Manual portable typewriters are the counter weapons of choice in the discord going on in Cali, Colombia. These photos were taken last week showing high school and university teachers and students typing stories about how they have been affected by the armed conflict crippling the country. Many students were among the 78 people between the ages of 17 and 26 who died in encounters with police over the April-June period in protests against right-wing president Ivan Duque. Most of the fatalities were in Cali, the epicentre of a general strike.
The Latin American News Agency reports from Cali that the typewritten stories have been pegged to clothes lines in an exhibit on a hilltop that is home to a park, a food and crafts market and casual eateries. It was known as Loma de la Cruz (Hill of the Cross) but came to be known as Loma de la Dignity (Hill of Dignity) during the strike against Duque’s government.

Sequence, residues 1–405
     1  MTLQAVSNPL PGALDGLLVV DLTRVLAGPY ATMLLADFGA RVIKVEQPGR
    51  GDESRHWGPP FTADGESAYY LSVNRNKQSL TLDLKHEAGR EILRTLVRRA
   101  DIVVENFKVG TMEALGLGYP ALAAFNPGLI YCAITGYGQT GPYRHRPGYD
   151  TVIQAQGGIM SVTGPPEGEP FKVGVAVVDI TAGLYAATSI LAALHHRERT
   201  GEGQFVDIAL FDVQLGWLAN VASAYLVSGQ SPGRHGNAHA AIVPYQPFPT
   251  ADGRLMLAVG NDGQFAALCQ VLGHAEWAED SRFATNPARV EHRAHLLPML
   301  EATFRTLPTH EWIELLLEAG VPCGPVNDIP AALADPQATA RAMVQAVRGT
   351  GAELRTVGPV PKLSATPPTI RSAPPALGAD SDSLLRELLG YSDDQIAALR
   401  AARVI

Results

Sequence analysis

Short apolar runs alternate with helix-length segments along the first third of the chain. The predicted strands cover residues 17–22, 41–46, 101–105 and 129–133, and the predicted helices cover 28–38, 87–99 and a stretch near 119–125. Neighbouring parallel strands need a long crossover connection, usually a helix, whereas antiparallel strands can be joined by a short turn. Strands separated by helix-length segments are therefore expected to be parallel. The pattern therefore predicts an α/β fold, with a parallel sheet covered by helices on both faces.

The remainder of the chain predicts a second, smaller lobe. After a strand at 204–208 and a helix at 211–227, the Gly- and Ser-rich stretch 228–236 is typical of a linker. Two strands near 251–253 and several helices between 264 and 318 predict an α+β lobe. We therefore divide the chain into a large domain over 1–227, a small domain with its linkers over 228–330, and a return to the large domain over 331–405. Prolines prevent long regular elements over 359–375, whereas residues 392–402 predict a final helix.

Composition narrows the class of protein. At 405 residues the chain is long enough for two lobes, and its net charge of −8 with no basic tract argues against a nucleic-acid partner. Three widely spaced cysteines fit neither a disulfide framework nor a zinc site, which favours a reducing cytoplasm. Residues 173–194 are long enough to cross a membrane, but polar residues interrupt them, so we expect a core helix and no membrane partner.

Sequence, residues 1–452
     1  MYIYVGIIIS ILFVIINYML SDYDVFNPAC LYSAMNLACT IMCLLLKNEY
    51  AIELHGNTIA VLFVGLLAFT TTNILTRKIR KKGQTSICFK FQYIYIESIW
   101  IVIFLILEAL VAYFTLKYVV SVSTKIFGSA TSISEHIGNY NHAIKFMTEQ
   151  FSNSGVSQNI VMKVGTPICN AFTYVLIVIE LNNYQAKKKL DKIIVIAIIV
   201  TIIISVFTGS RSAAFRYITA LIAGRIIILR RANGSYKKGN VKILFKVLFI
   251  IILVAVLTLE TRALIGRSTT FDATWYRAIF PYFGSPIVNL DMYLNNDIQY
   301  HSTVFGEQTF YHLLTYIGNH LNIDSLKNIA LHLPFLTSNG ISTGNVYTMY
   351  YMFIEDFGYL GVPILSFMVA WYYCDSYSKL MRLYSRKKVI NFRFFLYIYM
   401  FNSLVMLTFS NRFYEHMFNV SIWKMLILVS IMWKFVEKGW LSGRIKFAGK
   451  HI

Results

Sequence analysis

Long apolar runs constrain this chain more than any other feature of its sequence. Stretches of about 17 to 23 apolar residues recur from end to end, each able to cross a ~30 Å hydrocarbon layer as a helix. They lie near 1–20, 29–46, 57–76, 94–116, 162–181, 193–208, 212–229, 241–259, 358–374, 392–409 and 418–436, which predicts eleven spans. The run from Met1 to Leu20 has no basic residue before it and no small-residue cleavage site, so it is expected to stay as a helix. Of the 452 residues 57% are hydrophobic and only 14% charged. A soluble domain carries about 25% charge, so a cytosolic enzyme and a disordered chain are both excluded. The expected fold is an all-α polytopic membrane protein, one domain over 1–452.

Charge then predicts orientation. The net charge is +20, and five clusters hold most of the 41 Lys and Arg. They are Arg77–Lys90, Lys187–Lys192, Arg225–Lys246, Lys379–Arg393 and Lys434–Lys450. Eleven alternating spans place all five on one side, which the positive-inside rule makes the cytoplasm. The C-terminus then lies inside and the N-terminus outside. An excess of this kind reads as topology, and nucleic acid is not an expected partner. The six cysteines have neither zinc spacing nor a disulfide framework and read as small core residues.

The typewritten stories tell of students who have perished in the course of Colombia’s decades-long internal strife in a “Cartas Ambulantes” (“Walking Letters”) project proposed by the Truth Commission, created under the 2016 peace accord between the government and the Revolutionary Armed Forces of Colombia. One such story tells of a student named Jose, who died in 1971 in a police massacre at Universidad del Valle. Another is about Jonny Rodriguez, a law student who died in 2019, allegedly of an accidental detonation while handling explosives. “The truth is that police threw a bomb at my son,” his mother Alba said as she looked at the stories.
The Typewriter Insurgency at it finest. Those images show the power of the typewritten word.
Powerful indeed. And it’s smart to use typewriters—the users can’t be tracked down.
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